Lorri Glover and Daniel Blake Smith
Henry Holt and Co.
A freshly researched account of the dramatic rescue of the Jamestown
The English had long dreamed of colonizing America, especially after Sir Francis Drake brought home Spanish treasure and dramatic tales from his raids in the Caribbean. Ambitions of finding gold and planting a New World colony seemed within reach when in 1606 Thomas Smythe extended overseas trade with the launch of the Virginia Company. But from the beginning the American enterprise was a disaster. Within two years warfare with Indians and dissent among the settlers threatened to destroy Smythe’s Jamestown just as it had Raleigh’s Roanoke a generation earlier.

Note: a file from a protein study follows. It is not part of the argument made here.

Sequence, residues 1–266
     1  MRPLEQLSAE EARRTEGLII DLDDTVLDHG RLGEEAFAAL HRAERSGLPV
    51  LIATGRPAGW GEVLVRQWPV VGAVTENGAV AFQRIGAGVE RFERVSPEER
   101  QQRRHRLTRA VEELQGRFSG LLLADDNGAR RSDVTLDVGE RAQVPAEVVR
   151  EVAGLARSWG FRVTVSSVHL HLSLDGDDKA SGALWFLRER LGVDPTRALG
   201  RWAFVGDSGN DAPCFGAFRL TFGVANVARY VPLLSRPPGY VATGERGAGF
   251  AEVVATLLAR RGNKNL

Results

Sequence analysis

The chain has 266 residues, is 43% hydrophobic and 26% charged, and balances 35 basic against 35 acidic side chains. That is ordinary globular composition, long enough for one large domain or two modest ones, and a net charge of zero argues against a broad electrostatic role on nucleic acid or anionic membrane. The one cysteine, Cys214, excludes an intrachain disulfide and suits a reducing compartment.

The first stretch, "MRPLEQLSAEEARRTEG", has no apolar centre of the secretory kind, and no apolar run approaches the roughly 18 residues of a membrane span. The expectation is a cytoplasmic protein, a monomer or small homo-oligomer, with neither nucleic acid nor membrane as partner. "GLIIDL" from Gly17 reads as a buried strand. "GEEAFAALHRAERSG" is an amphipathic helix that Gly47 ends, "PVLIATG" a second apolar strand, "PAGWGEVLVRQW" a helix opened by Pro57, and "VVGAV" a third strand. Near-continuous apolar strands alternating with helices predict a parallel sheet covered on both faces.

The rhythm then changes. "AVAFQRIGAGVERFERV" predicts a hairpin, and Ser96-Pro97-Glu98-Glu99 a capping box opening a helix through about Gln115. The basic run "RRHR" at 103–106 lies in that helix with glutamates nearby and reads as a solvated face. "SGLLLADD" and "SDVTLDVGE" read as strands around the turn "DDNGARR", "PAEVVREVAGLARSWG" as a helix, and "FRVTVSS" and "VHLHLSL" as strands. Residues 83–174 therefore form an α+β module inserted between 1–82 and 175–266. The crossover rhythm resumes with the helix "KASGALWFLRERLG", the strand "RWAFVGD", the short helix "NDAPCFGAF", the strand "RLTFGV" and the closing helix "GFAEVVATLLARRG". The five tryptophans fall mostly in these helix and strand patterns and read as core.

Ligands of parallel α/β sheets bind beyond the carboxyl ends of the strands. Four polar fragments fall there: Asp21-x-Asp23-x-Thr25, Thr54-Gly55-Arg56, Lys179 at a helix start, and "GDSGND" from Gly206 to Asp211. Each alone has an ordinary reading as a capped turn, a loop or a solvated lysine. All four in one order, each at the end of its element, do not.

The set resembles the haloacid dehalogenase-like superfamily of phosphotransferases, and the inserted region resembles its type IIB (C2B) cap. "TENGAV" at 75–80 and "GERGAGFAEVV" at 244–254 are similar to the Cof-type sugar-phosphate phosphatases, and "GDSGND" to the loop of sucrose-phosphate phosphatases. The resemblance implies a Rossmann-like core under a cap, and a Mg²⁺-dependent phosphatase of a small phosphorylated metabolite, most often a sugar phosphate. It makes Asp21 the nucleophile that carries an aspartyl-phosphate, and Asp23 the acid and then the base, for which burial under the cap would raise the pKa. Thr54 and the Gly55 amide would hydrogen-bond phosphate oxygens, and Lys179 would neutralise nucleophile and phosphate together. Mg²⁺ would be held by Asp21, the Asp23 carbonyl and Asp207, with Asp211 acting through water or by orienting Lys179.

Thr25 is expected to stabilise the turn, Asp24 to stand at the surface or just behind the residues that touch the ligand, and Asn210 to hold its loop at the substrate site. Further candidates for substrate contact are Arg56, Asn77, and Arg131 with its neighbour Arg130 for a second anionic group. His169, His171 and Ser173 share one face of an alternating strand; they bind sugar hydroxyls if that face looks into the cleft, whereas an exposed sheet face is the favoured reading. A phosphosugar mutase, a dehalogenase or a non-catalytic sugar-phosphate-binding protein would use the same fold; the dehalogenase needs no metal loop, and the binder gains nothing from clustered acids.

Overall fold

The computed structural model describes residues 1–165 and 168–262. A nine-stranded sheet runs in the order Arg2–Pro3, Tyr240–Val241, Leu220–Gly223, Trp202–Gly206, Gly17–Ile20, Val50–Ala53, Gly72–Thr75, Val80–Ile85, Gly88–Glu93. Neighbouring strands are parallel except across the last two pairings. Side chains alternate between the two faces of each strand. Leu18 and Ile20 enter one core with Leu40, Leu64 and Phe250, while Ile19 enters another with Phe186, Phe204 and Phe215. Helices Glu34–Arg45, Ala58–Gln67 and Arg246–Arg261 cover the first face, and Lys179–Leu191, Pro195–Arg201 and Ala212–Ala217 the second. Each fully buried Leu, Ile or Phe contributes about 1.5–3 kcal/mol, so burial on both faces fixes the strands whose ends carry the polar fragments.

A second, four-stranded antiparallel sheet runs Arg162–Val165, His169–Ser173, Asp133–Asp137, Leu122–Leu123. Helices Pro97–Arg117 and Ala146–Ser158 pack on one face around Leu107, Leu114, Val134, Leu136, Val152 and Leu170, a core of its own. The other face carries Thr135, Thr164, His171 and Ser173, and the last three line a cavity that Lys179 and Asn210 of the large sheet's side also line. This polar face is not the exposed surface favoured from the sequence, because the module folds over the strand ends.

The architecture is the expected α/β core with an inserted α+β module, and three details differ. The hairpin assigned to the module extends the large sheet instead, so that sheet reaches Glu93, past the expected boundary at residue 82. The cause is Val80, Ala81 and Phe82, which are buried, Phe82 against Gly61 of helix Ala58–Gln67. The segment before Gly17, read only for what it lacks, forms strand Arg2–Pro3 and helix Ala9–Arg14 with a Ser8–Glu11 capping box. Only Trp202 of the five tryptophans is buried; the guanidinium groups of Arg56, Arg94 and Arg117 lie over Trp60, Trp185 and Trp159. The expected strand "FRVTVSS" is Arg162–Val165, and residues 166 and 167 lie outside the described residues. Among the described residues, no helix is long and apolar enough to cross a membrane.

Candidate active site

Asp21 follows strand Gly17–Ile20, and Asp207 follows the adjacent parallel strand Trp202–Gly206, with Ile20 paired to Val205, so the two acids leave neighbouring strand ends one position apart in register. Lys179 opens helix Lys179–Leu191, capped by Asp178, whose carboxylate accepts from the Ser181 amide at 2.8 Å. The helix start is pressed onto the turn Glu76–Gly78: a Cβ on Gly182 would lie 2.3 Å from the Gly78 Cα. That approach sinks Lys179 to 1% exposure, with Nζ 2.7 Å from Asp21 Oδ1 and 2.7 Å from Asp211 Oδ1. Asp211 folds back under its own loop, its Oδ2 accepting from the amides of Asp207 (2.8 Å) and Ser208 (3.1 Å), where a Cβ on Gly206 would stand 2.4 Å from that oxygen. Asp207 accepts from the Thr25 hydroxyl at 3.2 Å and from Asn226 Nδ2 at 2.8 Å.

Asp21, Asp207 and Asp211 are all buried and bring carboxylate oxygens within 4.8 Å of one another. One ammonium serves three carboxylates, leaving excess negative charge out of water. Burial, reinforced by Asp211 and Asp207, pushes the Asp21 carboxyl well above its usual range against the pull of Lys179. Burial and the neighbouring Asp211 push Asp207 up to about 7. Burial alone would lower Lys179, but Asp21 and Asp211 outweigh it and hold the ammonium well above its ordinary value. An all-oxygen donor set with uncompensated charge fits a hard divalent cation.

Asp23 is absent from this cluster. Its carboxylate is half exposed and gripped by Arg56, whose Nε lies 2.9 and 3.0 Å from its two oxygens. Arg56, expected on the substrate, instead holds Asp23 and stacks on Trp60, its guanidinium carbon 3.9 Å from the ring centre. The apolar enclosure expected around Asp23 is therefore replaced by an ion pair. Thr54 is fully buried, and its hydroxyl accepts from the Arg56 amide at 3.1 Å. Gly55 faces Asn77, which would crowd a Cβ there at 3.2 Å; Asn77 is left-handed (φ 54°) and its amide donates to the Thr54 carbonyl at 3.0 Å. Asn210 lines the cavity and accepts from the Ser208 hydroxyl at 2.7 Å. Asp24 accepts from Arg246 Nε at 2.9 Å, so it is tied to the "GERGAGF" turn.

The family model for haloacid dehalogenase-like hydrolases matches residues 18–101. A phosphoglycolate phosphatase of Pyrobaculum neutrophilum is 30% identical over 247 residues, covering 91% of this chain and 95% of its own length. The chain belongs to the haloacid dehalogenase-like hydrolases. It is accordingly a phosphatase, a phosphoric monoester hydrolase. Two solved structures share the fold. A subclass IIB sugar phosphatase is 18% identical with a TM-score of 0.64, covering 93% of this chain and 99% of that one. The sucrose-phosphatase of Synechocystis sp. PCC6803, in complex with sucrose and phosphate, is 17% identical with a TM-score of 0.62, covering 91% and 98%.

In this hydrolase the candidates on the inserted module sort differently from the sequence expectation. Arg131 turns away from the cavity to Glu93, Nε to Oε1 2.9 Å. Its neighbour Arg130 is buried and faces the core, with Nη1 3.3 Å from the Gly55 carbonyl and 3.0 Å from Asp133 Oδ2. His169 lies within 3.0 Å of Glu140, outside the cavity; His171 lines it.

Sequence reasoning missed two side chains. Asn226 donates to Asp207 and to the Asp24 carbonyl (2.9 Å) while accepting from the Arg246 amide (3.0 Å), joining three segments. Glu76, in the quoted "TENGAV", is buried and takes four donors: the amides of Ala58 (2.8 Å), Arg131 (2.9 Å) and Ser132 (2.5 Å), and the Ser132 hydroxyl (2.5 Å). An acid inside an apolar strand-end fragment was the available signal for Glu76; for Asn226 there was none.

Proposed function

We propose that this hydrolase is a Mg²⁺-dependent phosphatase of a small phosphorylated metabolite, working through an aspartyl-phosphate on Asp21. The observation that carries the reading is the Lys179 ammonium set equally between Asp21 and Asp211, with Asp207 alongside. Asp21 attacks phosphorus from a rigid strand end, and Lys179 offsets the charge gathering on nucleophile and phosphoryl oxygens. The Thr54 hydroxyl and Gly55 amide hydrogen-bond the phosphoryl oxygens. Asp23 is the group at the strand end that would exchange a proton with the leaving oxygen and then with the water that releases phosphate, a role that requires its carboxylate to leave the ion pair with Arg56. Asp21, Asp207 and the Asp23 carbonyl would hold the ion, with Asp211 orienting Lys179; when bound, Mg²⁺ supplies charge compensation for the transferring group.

To rescue the doomed colonists and restore order, the company chose a new leader, Thomas Gates. Nine ships left Plymouth in the summer of 1609—the largest fleet England had ever assembled—and sailed into the teeth of a storm so violent that “it beat all light from Heaven.” The inspiration for Shakespeare’s The Tempest, the hurricane separated the flagship from the fleet, driving it onto reefs off the coast of Bermuda—a lucky shipwreck (all hands survived) which proved the turning point in the colony’s fortune.
“In this gripping account of shipwreck, mutiny, perseverance, and deliverance, the epic story of the wreck of the Sea Venture and its consequences for the survival of Jamestown, England's first successful colony in the New World, is told for the first time. Glover and Smith persuasively make the case that in saving themselves, the 150 castaways stranded for nearly a year on the remote island of Bermuda ultimately saved English America.”—James Horn, author of A Land As God Made It: Jamestown and the Birth of America